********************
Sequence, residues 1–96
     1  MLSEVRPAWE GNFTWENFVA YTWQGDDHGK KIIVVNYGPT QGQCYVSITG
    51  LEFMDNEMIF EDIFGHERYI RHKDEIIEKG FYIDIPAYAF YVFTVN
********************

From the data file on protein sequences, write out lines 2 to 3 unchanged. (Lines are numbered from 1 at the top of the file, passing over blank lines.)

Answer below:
     1  MLSEVRPAWE GNFTWENFVA YTWQGDDHGK KIIVVNYGPT QGQCYVSITG
    51  LEFMDNEMIF EDIFGHERYI RHKDEIIEKG FYIDIPAYAF YVFTVN